November 22, 2016

New from the Practising Law Institute, TRIAL EVIDENCE BROUGHT TO LIFE is an ambitious undertaking, an Evidence Law deskbook for attorneys.  The intent is that Rules and their application be brought to life and rendered more comprehensible (and therefore more easily applied) by illustrating them with examples from “famous trials, film and fiction.”  Written by emeritus Law Professor Martin Schwartz, it succeeds in large part but not completely.

Let me start with the strengths.  The book is a comprehensive one volume compendium of Rules with explanations and analyses.  Valuable examples include Schwartz’ use of the trial in State v. Ayres to demonstrate when former testimony of a now-unavailable witness is admissible in a criminal case; and the illustrations of character witness testimony, drawn from the Alger Hiss trial and the film From the Hip.

What are the limitations?  Schwartz sometimes uses illustrations that are so abbreviated that there is no lesson to learn, as when he summarizes the notorious case of Shepard v. United States regarding whether a statement was a dying declaration – he tells us the statement and the Court’s conclusion, but never explains why that conclusion was reached.  The book also has inaccuracies, as when it uses the film Witness for the Prosecution to illustrate impeachment with prior inconsistent statements and mislabels the use of a letter on cross-examination as “extrinsic” proof of an impeaching statement.  Another lapse – here in terms of a lack of clarity – is when he describes a witness’ statement in the following clearly-incompatible terms:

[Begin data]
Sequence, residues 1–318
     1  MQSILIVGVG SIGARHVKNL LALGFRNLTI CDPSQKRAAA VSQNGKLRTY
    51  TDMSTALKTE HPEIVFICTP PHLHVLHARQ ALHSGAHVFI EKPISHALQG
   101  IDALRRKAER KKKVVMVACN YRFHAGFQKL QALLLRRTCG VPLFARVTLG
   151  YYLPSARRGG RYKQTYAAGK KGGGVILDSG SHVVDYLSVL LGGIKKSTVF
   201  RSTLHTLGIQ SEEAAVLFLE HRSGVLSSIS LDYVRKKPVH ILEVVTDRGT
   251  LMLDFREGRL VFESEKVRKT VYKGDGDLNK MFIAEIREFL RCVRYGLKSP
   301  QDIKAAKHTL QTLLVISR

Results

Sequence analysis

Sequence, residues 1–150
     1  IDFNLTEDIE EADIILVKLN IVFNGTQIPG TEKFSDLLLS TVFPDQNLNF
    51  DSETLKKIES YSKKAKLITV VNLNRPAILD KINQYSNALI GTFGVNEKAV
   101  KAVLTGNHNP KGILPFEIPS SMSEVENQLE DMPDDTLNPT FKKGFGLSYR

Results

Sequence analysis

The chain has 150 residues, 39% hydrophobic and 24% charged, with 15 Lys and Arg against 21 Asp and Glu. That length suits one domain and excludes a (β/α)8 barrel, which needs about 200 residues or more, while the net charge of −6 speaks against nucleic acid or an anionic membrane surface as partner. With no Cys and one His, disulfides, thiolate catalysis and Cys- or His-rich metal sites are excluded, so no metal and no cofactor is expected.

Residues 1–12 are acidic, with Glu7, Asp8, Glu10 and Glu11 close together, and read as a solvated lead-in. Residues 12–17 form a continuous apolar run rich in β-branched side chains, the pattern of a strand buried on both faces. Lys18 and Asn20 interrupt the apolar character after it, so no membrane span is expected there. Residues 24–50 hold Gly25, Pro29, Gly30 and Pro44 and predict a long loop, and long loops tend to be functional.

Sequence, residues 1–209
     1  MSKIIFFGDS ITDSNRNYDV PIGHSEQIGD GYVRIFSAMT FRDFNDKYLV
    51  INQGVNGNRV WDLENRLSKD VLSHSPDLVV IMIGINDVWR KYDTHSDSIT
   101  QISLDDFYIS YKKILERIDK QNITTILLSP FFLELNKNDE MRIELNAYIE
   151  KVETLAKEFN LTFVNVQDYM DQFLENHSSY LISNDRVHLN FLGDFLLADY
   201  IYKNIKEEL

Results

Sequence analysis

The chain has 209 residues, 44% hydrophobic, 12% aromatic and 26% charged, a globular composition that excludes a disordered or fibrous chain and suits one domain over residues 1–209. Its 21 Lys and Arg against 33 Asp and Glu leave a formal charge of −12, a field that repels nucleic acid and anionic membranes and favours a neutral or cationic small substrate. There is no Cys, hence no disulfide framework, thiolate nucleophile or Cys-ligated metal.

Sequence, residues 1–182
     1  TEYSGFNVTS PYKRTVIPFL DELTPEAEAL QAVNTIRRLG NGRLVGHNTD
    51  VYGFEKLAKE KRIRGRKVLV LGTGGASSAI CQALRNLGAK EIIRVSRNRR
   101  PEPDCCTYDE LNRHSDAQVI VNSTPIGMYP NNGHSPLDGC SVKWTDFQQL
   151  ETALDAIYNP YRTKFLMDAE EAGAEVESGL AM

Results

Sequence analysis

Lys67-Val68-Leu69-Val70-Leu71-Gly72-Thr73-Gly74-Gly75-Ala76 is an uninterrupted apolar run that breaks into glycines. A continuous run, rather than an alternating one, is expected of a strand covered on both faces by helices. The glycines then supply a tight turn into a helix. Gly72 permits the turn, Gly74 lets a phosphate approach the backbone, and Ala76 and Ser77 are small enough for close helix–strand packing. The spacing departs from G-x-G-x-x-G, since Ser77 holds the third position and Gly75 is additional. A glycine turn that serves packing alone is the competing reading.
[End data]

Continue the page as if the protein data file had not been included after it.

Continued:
Vogel’s statements were not offered to prove the truth of the facts asserted, but to prove his state-of-mind.  Further, they were within the FED.R.EVID. 803(3) state-of-mind hearsay exception.

The confusion is apparent, as statements under 803(3) are for the truth of the matter asserted.

TRIAL EVIDENCE BROUGHT TO LIFE does offer a tremendous amount of information, and often has examples that bring great clarity to Rules that may be confusing.  So on the whole it may offer great value to the practitioner who needs an easy-to-read Evidence reference.  It just needs to be read with some care.


Martin A. Schwartz, TRIAL EVIDENCE BROUGHT TO LIFE, Practising Law Institute (2016)